While one could argue that this case study is particularly shocking, and is due to the particular behaviours of the male managers at that specific workplace, the emergence of migrant female workers is not just impacting on the women in the factories. This is because, when a female head of household migrates abroad, additional burdens are often placed on female family members back home.

In the aftermath of the global financial crisis we can also see how, while factory work might have helped economies at a macro level, it has done very little to empower women at the local level. Organisations like Oxfam argue that as the world economy fell into recession, and factories have been shut down to cut costs, women in regions like south east Asia are left with no career prospects, and no alternative but to turn to sex work to generate the income their families have come to rely on.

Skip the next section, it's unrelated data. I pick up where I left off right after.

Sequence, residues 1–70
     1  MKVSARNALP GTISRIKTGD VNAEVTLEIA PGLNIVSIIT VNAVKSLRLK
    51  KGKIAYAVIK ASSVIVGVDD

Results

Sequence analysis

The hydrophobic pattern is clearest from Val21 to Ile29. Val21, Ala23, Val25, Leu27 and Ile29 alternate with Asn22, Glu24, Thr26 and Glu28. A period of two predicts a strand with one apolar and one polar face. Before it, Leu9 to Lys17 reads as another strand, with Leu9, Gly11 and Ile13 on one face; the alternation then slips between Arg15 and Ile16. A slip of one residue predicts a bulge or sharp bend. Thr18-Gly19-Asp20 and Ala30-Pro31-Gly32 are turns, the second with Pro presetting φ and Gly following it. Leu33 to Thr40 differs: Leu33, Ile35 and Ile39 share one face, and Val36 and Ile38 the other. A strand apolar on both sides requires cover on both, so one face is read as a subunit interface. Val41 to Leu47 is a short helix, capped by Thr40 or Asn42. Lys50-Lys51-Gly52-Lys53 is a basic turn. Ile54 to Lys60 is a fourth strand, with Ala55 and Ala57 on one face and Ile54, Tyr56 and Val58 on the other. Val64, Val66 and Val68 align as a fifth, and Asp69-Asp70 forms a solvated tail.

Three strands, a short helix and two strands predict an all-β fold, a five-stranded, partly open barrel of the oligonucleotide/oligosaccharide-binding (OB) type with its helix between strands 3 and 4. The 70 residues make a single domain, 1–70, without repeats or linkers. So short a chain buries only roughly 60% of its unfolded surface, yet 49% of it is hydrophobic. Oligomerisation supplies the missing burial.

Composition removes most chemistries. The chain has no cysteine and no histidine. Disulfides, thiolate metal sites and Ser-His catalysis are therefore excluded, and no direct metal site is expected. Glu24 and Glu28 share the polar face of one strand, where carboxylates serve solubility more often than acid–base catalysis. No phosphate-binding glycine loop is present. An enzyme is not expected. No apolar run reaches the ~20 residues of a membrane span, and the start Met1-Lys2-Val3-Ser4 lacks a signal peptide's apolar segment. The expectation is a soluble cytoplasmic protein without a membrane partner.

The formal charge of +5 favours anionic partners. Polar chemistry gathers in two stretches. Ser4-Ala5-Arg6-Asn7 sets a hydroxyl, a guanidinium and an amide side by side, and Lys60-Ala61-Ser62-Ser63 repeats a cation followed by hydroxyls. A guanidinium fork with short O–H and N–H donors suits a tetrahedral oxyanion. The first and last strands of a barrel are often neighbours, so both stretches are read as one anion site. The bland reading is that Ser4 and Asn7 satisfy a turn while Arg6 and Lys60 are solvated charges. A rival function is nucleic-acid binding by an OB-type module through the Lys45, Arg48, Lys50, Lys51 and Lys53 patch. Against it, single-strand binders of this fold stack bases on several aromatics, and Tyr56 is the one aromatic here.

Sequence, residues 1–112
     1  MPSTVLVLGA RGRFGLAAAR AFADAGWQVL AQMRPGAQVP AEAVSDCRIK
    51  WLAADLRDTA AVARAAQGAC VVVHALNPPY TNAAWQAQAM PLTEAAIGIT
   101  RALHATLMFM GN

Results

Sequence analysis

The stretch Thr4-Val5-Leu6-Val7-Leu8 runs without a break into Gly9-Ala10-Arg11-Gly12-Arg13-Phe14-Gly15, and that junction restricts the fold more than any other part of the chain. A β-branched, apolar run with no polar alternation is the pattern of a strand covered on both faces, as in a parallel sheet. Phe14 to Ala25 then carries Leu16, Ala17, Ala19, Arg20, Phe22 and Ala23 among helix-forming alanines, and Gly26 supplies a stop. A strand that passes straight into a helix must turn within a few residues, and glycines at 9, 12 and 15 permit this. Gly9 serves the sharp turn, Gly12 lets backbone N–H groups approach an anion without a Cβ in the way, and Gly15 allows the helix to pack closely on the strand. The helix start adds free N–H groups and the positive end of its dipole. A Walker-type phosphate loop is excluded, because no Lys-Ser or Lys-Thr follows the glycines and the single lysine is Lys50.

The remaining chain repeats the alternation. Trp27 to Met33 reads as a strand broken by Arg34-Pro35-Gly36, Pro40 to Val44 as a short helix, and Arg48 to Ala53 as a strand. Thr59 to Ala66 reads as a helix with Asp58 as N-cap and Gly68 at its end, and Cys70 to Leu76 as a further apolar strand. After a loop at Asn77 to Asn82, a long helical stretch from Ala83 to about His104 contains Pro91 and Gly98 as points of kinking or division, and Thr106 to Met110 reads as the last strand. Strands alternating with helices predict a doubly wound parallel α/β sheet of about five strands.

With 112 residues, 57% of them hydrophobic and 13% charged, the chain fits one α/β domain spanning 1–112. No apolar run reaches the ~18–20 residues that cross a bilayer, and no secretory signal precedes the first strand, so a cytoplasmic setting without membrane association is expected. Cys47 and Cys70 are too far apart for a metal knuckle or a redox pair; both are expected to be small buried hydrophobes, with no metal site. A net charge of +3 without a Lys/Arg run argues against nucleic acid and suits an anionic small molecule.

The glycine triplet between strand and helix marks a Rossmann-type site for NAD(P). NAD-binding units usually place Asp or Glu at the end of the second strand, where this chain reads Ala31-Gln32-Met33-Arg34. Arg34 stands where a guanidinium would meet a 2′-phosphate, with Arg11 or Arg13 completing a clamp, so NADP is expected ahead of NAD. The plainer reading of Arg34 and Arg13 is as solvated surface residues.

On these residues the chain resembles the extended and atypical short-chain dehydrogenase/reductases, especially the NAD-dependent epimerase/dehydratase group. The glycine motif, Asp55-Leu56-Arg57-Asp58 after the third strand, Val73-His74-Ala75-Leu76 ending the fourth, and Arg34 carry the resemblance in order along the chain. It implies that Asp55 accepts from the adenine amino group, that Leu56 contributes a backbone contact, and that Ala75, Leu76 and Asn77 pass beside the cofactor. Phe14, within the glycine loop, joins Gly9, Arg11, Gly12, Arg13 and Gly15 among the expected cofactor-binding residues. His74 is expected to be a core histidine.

…a starting point might be a basic understanding amongst western consumers…

Their experiences are local and contingent, there are clear patterns of women being trapped in poverty and inequality as a result of a system that has devalued their labour at the same time as relying on it to prop up a global economy driven by a consumer culture constantly wanting more at lower prices.

I don’t profess to have the solutions to these problems. But a starting point might be a basic understanding amongst western consumers, particularly women, that cheap clothes are a female thing in more ways than one.

 

About The Author

Freelance writer interested in all things globalization, urbanization and human related.